Bellman Ford's Algorithm:
Distance Vector routing
algorithm (DV):
DV is a decentralized routing
algorithm, that requires that
each router simply inform its
neighbors of its routing table.
For each network path, the receiving
routers pick the neighbor advertising
the lowest cost, then add this
entry into its routing table
for readvertisement. To find
the shortest path, DV is based
on one of two basic algorithms:
the BellmanFord (RIP) and the
Dijkstra algorithms (OSPF).
In RIP (The Routing Information
Protocol), DV is known as the
"BellmanFord" algorithm
(1957) or FordFulkerson Algorithm
(1962), after its inventors.
It is used in many routing protocols
in practice, including Internet
BGP, ISO IDRP, NOVELL IPX, and
the original ARPANET. Currently,
Appletalk and Cisco are also
used this algorithm.
Main Features of DV:
DV algorithm is iterative,
asynchronous, and distributed.
 Distribution: This algorithm
enables each node receives some
information from one or more
of its directly attached neighbors.
 Iteration: The process of
exchanging information will
continue until no more information
is exchanged between the neighborhood.
 Asynchronous: This algorithm
does not require all of the
nodes to operate in lock step
with each other
What is RIP?
RIP is a distancevector protocol
that allows routers to exchange
information about destinations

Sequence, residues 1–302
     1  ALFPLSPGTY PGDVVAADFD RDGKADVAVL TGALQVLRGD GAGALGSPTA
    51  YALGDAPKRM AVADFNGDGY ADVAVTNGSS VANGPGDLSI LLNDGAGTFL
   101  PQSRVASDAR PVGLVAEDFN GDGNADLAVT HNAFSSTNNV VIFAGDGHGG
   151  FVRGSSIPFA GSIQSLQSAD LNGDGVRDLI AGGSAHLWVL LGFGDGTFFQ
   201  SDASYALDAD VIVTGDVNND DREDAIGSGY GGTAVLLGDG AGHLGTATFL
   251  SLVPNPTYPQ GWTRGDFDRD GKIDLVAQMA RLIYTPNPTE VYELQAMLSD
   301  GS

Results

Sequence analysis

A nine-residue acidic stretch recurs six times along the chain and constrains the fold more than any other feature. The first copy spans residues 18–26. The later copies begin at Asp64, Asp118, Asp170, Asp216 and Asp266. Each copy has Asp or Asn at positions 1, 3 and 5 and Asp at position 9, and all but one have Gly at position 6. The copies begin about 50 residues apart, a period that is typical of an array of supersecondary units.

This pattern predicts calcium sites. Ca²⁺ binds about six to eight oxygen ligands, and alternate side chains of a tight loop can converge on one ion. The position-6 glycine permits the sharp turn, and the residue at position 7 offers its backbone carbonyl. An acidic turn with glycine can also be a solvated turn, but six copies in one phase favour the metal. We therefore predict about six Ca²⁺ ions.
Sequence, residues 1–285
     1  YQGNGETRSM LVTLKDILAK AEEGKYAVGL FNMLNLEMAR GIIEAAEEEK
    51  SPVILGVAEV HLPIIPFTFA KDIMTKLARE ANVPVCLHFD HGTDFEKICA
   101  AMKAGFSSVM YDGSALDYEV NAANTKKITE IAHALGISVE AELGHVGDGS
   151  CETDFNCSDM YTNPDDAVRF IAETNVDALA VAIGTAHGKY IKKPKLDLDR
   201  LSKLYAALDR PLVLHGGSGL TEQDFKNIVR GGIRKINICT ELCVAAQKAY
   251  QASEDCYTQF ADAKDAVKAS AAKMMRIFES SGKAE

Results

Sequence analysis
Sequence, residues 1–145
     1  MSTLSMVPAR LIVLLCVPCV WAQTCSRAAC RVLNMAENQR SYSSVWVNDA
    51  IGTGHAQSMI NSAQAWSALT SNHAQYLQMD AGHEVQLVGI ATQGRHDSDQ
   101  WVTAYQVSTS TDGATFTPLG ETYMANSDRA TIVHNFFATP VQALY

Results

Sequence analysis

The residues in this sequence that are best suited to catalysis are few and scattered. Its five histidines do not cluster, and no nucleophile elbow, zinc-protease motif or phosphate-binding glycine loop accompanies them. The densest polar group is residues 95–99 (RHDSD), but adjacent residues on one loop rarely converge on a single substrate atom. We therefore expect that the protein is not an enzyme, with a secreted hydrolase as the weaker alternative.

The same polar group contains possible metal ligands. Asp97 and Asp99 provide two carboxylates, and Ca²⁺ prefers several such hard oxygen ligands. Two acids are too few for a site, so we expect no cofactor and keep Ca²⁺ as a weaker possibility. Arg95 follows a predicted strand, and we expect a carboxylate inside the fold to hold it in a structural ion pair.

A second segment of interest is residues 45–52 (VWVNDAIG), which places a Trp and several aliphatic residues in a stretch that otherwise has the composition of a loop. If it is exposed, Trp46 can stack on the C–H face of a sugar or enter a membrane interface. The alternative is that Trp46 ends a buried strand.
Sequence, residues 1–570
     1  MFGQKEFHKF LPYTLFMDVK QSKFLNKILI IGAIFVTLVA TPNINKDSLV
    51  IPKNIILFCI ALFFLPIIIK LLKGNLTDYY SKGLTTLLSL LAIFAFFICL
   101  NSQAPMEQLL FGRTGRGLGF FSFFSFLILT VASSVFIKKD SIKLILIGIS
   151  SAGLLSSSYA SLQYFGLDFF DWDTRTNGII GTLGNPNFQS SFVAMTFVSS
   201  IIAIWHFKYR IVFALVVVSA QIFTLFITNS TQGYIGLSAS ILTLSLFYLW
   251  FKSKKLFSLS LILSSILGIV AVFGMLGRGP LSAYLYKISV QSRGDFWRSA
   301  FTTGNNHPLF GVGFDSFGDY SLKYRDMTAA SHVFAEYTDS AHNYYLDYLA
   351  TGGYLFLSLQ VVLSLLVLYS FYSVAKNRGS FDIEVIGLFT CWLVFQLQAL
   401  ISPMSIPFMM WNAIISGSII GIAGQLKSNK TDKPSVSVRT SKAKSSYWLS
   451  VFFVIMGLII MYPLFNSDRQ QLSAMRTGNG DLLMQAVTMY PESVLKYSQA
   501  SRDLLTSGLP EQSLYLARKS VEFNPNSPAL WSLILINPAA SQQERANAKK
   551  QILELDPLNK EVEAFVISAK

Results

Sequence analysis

for computing routes throughout
the network. Destinations may
be networks or a special destination
used to convey a default route.
In RIP, BellmanFord algorithms
make each router periodically
broadcast its routing tables
to all its neighbors. Then a
router knowing its neighbors'
tables can decide to which destination
neighbor to forward a packet.
How BellmanFord algorithm
works:
Routers that use this algorithm
have to maintain the distance
tables (which is a onedimension
array  "a vector"),
which tell the distances and
shortest path to sending packets
to each node in the network.
The information in the distance
table is always updated by exchanging
information with the neighboring
nodes. The number of data in
the table equals to that of
all nodes in networks (excluded
itself). The columns of table
represent the directly attached
neighbors whereas the rows represent
all destinations in the network.
Each data contains the path
for sending packets to each
destination in the network and
distance/or time to transmit
on that path (we call this as
"cost"). The measurements
in this algorithm are the number
of hops, latency, the number
of outgoing packets, etc.
Formal algorithm:
 The starting assumption
for distancevector routing
is each node knows the cost
of the link of each of its directly
connected neighbors. Next, every
node sends a configured message
to its directly connected neighbors
containing its own distance
table. Now, every node can learn
and update its distance table
with cost and next hops for
all nodes network. Repeat exchanging
until no more information between
the neighbors.
 Consider a node X that
is interested in routing to
destination Y via a directly
attached neighbor Z. Node X's
distance table entry, Dx(Y,Z)
is the sum of the cost of the
directone hop link between